Here we present the results of tha consumption for sending SMSs.



Experiment details


Power consumption when sending SMS using GSM and UMTS networks.



Technology used:


Number of tests:



During the measurements the other air interfaces (BT and WLAN) are switched off.



Text messages sent by using SMS can be encoded in different ways: the default GSM 7-bit alphabet, the 8-bit data alphabet, and the 16-bit UTF-16/UCS-2 alphabet. Depending on which alphabet the text is coded with, the maximum size per SMS is 160 7-bit characters, 140 8-bit characters, or 70 16-bit characters. It is possible to send longer texts by concatenating more messages with each other.

The Figure below shows the results of measurements done by sending messages of different sizes to evaluate how energy consumption is related to the length of the text. The messages were sent using both GSM and UMTS with a SIM card from TeliaSonera in Oulu, Finland.

Energy spent for sending text messages with different length.

We have sent 50 messages for each size and then plotted the average value of the energy spent. The phone was in the same position for all the measurements to have the smallest variation possible in the received signal strength. The plot clearly shows that the energy consumption increases linearly with the length of the message. The messages sent were 8-bit encoded, therefore it is possible  to see some jumps up in the energy consumption when two messages are concatenated, such as between 100-150, 250-300, and 400-450. It is interesting to notice that given a fixed length, sending an SMS using 3G is always more energy consuming than using GSM. The gap varies from 0.6 to 1.4 Joule.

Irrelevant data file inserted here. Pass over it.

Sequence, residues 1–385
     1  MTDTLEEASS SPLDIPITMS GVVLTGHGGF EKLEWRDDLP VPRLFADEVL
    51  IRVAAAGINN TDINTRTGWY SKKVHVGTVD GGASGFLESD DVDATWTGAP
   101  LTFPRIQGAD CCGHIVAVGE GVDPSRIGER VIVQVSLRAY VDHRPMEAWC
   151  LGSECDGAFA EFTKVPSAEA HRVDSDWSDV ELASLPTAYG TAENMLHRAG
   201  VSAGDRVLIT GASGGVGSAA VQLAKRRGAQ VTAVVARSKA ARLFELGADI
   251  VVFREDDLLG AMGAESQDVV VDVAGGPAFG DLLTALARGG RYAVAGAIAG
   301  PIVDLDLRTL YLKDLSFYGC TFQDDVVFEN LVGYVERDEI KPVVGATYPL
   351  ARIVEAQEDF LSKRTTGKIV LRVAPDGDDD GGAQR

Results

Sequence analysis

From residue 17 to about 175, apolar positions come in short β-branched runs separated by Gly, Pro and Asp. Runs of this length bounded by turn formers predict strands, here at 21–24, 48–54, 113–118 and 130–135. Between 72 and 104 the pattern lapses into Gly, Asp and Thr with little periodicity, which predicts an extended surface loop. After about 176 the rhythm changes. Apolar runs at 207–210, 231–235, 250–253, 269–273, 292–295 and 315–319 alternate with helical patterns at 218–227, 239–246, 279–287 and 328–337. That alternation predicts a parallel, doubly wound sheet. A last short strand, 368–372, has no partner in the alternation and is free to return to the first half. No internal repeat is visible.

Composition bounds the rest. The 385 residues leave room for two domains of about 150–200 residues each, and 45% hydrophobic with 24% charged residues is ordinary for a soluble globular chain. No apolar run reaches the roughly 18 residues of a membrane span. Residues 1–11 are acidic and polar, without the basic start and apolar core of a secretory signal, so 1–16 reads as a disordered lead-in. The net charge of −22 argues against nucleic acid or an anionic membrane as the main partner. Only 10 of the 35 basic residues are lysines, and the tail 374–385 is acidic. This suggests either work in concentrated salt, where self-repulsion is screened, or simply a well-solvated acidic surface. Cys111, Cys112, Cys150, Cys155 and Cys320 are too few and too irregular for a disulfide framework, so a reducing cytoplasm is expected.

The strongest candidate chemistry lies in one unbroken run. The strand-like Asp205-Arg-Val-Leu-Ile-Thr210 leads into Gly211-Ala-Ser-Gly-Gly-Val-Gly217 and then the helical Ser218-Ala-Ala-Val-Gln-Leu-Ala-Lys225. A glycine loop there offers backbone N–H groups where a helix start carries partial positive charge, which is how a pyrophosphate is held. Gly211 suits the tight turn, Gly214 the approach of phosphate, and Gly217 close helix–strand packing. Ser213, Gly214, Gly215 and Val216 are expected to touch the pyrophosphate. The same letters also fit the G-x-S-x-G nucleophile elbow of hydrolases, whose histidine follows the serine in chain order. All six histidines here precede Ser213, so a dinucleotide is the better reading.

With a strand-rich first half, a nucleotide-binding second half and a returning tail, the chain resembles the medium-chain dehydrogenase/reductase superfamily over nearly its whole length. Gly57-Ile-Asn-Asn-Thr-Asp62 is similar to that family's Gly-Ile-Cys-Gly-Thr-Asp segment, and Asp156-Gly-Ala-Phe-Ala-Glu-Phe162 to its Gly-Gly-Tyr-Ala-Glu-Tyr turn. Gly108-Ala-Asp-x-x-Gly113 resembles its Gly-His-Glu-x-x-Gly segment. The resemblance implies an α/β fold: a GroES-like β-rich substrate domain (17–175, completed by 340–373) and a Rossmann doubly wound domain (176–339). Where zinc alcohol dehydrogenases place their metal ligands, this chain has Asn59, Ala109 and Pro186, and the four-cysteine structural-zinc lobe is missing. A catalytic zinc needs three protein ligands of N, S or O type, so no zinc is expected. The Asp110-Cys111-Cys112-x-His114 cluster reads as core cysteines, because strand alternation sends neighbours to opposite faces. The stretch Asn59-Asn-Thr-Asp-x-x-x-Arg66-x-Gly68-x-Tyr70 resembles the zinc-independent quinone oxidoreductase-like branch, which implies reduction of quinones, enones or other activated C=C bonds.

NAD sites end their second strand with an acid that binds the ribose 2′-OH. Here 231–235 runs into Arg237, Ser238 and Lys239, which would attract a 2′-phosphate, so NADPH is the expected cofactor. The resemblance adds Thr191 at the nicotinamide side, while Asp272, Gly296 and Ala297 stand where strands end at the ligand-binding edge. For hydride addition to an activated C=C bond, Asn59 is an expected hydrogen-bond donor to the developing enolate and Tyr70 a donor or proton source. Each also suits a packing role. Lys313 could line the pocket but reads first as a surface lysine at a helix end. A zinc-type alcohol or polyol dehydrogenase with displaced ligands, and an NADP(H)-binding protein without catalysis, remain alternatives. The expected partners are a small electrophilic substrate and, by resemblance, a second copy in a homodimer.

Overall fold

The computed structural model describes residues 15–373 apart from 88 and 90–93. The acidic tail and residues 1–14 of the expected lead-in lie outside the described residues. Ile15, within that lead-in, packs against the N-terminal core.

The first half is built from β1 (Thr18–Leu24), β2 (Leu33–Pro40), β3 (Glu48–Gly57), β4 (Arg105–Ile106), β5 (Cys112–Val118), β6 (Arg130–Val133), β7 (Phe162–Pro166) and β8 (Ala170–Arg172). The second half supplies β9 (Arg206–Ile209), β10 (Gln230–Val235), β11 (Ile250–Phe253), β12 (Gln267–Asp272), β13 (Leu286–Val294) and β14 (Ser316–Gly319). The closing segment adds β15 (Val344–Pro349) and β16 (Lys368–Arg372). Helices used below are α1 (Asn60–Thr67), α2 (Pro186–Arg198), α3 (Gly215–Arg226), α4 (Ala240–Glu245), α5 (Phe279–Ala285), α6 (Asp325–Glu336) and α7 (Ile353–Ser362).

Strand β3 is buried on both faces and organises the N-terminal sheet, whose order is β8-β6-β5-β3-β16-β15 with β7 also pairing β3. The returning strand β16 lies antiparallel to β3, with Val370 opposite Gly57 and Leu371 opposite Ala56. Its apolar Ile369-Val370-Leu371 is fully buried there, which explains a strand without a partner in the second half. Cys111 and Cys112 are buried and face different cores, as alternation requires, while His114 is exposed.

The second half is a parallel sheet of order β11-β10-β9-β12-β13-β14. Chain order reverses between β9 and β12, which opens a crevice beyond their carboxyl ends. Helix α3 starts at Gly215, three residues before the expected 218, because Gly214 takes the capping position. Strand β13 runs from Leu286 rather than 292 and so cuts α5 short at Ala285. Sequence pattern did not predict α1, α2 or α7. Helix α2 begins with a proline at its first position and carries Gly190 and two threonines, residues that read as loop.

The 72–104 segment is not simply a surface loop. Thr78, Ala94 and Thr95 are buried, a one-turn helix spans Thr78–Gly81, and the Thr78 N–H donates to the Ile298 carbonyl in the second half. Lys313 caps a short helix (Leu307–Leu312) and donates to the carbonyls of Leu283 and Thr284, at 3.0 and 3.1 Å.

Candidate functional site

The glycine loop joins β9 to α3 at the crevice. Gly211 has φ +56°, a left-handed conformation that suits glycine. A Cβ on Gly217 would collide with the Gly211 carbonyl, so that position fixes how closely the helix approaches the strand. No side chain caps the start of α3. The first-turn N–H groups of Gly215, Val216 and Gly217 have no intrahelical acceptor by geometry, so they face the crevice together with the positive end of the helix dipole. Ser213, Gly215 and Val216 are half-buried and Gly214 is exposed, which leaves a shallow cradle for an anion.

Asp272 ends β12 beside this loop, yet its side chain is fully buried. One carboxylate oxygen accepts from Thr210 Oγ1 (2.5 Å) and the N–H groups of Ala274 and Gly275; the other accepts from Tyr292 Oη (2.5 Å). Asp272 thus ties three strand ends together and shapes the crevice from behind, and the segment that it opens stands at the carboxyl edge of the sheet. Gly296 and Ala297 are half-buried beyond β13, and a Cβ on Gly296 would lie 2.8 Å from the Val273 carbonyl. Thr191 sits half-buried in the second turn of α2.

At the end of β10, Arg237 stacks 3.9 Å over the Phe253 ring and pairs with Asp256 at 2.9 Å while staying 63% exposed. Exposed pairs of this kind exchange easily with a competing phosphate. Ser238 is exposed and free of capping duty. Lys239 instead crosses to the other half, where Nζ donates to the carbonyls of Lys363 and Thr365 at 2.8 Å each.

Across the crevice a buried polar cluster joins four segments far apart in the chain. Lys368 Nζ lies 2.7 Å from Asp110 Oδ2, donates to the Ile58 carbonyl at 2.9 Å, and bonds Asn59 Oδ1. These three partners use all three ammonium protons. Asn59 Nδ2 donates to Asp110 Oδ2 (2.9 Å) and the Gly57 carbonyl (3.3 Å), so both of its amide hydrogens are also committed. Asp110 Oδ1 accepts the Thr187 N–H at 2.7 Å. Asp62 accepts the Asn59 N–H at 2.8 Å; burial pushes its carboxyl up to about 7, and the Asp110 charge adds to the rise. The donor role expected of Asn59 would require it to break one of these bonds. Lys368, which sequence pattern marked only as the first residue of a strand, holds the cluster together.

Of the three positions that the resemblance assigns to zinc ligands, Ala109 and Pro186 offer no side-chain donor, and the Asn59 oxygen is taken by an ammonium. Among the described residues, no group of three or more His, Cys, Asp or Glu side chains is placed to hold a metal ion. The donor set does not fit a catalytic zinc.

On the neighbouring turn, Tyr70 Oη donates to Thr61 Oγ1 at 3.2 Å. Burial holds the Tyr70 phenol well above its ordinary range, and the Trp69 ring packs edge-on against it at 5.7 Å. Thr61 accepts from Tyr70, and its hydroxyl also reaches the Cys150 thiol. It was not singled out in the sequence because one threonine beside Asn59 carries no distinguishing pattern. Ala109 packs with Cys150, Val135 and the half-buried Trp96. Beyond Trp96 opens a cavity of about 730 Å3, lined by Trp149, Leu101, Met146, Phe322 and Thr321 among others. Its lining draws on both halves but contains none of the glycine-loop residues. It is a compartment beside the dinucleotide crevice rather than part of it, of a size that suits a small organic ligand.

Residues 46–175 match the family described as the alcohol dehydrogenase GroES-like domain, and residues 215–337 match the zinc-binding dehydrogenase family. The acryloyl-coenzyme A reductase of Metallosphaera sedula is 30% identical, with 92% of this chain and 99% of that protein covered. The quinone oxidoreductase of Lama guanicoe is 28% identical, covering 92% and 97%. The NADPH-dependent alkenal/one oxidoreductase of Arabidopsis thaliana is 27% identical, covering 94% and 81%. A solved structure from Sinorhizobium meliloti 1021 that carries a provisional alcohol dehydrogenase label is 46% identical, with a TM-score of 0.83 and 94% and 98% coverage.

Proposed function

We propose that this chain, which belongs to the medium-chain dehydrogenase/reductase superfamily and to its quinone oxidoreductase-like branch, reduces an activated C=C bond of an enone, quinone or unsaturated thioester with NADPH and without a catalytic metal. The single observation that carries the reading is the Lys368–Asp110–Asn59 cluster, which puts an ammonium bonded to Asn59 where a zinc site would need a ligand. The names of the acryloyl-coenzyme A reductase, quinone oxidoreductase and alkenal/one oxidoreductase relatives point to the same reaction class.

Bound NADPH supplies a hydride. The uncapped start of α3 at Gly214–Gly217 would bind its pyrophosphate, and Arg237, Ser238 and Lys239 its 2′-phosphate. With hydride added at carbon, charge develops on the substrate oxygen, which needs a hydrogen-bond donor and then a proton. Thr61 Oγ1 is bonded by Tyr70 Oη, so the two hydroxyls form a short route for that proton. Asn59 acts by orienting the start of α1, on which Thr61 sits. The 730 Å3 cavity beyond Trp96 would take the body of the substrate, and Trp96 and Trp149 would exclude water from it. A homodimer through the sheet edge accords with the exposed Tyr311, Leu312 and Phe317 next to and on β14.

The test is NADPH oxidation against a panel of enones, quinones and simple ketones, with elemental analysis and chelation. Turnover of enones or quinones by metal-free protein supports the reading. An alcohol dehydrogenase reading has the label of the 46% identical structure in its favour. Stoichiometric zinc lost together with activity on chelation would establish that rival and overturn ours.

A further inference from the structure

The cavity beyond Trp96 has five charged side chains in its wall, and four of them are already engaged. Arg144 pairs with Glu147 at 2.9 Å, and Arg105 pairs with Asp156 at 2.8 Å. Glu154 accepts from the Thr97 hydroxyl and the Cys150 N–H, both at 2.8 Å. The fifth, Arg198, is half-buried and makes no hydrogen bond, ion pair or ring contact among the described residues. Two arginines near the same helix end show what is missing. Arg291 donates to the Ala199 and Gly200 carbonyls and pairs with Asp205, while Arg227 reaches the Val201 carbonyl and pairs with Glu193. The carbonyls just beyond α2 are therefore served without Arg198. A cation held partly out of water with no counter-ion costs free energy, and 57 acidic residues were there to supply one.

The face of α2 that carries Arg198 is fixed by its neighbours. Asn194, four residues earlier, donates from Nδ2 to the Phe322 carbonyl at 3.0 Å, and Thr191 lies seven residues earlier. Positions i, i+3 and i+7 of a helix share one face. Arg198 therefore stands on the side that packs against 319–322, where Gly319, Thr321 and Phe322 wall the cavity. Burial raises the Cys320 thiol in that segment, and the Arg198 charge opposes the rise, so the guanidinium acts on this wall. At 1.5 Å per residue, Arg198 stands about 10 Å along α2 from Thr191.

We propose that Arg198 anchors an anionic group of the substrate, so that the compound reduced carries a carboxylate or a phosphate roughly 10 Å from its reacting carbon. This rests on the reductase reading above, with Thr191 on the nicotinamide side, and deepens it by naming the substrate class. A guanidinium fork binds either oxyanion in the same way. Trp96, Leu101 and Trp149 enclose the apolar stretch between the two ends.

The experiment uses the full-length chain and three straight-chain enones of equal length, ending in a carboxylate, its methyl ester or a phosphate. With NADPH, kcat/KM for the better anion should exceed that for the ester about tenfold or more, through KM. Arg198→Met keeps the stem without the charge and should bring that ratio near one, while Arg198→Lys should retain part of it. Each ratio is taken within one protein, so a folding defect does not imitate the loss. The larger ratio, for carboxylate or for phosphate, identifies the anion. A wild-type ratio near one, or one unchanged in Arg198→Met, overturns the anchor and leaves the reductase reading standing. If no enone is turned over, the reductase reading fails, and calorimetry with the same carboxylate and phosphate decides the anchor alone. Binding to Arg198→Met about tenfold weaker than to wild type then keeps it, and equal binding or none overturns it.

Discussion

Another interesting relation exists between length of the messages and time needed for sending them. The Figure below shows that the time increases with the growth of the size of the message and that the overall time needed is greater with GSM than with 3G.
Moreover the gap between the two technologies increases linearly with the length of the text.

Time spent for sending text messages with different length using both GSM and UMTS.


The plot in the Figure below shows that the power level for GSM does not vary too much when the size of the text increases, whereas in the 3G case, it grows linearly with the length of the SMS.

Power values for sending SMS of different size using both GSM and UMTS.


Another factor which influences the power, the time, and therefore the energy, is the received signal strength. As shown in the Figure below for both GSM and 3G, when the power of the received signal decreases, the time needed for sending the SMS increases.

Power traces for sending 200 bytes using UMTS and GSM networks. The plot shows two traces for each network with different received signal strength


As shown in the Figure below  the power levels increase as well when the received signal strength decreases and therefore, more energy is needed when the signal is weaker.

Mean power level for sending 200 bytes using UMTS and GSM. The plot shows histograms for different values of received signal strength.

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Last update:27-05-2009